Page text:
Dental sedation is used to reduce your child’s anxiety and discomfort when completing the necessary dental treatment. There are a few things we would like you to know about this process to help you make an informed decision.
How Safe is Sedation Dentistry for Children
One of the biggest concerns for parents is whether sedation dentistry will be safe for kids. As with all medical procedures, there will always have inherent risks.
For most patients, sedation dentistry is completely safe. But patients with special health conditions may have higher risks. As each child is different, your dentist will review your child’s oral health history and any other concerns before the dental procedure.
Types of Sedation Dentistry and Anesthesia Used in Children
There are different types of sedation options that dental professionals can use on children and each comes with its own risks and benefits.
Nitrous Oxide – Also known as laughing gas, nitrous oxide sedation is used if children are exceptionally nervous. Nitrous oxide is delivered via a mask placed on your child’s nose combined with oxygen. Children can comfortably breathe through the nose and out through the mouth. Nitrous oxide does not put children to sleep. They are fully awake and fully conscious (conscious sedation) for the entire appointment.
Nitrous oxide is painless to deliver and the sedative effects wear off in a matter of minutes. This is one of the benefits of nitrous oxide as the child will not have any lingering sedative effects after the appointment. Before removing the mask off completely, the pediatric staff delivers pure oxygen at the end of the appointment to ensure the nitrous oxide is gone on the child’s body.
IV Sedation – For children who are highly anxious, uncooperative, or have extensive dental treatment needs, pediatric dentists will advise IV sedation. When this form of sedation is recommended, the pediatric dentist will ask parents to prepare the child before the appointment. Common preparatory measures include the child’s current history and physical exam results from the child’s physician or pediatrician, limiting food and drinks before the dental visit, brushing their teeth using soft-bristled toothbrush and preparing to stay with the child after the appointment for office hours.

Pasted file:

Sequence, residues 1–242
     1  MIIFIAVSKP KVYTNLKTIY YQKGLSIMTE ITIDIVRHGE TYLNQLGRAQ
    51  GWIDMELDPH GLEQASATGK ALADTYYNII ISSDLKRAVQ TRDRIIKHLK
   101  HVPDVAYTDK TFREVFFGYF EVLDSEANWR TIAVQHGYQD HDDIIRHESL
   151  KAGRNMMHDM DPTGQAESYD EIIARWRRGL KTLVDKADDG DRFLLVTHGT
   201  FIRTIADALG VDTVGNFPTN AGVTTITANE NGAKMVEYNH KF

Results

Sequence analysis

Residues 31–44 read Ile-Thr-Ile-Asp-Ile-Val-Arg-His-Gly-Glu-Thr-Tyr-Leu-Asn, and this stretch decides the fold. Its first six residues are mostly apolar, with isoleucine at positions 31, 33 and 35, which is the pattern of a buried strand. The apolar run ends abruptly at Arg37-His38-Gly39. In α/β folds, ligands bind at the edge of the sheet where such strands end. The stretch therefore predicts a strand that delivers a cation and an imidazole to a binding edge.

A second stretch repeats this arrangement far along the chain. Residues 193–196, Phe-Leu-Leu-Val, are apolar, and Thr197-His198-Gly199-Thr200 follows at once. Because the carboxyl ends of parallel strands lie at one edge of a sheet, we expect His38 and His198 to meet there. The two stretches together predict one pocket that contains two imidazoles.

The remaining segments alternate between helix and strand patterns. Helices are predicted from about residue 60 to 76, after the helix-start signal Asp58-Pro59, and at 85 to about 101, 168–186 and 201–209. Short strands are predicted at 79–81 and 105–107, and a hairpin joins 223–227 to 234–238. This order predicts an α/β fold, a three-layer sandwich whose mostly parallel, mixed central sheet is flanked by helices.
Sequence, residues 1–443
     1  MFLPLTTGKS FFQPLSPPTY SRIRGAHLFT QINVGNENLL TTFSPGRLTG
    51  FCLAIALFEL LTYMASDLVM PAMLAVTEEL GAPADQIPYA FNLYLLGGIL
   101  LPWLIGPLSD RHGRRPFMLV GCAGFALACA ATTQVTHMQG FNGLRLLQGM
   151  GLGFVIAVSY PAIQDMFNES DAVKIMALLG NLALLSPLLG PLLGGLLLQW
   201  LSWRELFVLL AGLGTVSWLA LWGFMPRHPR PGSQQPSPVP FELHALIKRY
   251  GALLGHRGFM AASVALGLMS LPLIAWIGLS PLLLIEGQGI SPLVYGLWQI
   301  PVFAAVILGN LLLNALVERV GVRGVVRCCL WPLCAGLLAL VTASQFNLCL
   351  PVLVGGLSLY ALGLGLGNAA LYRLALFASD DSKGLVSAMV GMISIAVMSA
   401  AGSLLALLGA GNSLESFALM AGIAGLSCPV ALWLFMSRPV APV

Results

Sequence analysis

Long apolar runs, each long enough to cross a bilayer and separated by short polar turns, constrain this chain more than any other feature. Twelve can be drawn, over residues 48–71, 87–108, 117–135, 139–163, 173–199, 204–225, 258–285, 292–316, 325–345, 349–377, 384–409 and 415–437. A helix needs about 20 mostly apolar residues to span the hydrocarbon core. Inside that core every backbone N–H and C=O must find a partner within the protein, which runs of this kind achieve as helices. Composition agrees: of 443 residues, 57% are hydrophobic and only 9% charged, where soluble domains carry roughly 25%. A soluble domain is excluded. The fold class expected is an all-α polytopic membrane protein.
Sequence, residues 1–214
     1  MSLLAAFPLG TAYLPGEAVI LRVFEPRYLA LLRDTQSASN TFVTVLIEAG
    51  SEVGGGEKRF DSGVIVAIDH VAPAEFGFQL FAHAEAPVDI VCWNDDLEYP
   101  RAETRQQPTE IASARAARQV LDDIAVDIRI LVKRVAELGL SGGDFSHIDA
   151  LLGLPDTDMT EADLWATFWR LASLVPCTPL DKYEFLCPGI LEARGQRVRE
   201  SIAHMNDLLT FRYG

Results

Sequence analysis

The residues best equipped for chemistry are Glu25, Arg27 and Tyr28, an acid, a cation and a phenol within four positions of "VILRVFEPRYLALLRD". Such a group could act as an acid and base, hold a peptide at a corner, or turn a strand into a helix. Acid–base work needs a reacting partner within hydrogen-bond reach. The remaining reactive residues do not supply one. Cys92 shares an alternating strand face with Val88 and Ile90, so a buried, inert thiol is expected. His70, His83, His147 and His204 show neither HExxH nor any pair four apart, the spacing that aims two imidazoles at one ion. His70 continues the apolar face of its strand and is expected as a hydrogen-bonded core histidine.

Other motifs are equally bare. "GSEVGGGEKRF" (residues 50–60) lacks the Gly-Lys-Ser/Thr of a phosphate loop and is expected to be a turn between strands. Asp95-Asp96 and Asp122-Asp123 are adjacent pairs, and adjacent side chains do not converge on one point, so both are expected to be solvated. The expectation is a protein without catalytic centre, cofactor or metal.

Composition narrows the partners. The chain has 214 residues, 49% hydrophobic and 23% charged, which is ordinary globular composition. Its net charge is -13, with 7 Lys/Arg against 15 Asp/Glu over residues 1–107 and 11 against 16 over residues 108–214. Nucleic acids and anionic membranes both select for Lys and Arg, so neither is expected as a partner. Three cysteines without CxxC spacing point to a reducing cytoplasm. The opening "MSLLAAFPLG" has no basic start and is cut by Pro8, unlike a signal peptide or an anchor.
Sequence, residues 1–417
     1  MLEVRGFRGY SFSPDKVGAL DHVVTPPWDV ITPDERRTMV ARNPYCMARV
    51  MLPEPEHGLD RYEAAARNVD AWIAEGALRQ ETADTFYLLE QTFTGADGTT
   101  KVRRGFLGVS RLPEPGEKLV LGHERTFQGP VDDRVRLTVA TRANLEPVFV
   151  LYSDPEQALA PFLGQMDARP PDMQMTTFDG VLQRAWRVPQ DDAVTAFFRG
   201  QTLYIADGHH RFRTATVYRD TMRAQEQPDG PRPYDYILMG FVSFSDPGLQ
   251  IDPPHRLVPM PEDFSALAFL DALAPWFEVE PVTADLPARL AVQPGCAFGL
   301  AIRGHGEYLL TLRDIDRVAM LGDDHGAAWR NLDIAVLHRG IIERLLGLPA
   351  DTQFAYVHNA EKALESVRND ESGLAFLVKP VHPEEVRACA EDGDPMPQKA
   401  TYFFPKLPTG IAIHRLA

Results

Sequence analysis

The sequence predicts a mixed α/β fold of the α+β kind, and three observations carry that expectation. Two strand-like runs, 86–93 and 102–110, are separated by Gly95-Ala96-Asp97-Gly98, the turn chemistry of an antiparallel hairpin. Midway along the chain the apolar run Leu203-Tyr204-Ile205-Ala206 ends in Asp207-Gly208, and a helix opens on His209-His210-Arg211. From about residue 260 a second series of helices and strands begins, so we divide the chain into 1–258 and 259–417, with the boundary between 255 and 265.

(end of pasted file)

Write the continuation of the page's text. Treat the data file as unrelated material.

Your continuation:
There are some medical conditions that may not work for in-office IV sedation and are better performed in a surgical center or hospital – dental experts will inform you if that is the case.
Oral Sedation – The patient can take a pill or liquid sedative before the procedure to help them feel relaxed. There are several types of medications used for this purpose and the one that will be prescribed will depend on the patient’s health history. An oral sedative may make the patient feel sleepy, but they will remain still remain awake for the procedure. Oral sedation may take some time to wear off after the procedure so the patient will need to take a rest at home for the remainder of the day.
General Anesthesia– This type of deep sedation is administered mainly in a hospital because the patient will be rendered completely unconscious. Patients under general anesthesia should be closely monitored and they’ll likely stay in the hospital for at least one night.
What to Do Before and After Sedation
To make sure that your child has the best possible experience is to prepare them for their dental appointment. Here are some things you can do before the procedure:
- Do not give them solid foods before sedation.
- Dress them with only loose-fitting and comfortable clothing.
- Tell their dentist about any prescriptions or over-the-counter medications that your child is taking.
- Bring their favorite toy. It is a great way to help them feel better.
Loss of physical coordination, grogginess, nausea or even uncontrollable giggles is normal due to the sedation effects. Your child will need to rest and special dental care procedures after their treatment. Here’s what you can do:
- Monitor your child after the treatment.
- Encourage them to stay hydrated by drinking water.
- Use ice-pack to help with the swelling.
- Give them only soft foods such as mashed vegetables, lukewarm soup or smoothies to avoid discomfort in the mouth.
- Clean their teeth by brushing them using fluoride toothpaste to make sure it is rid of any bacteria that may damage their teeth in the future.
- Ashley PF, Chaudhary M, Lourenço-Matharu L. Sedation of children undergoing dental treatment. Cochrane Database Syst Rev. 2018;12(12):CD003877. Published 2018 Dec 17. doi:10.1002/14651858.CD003877.pub5
- Primosch RE, Buzzi IM, Jerrell G. Effect of nitrous oxide‐oxygen inhalation with scavenging on behavioral and physiological parameters during routine pediatric dental treatment. Pediatric Dentistry 1999;21(7):417‐20.
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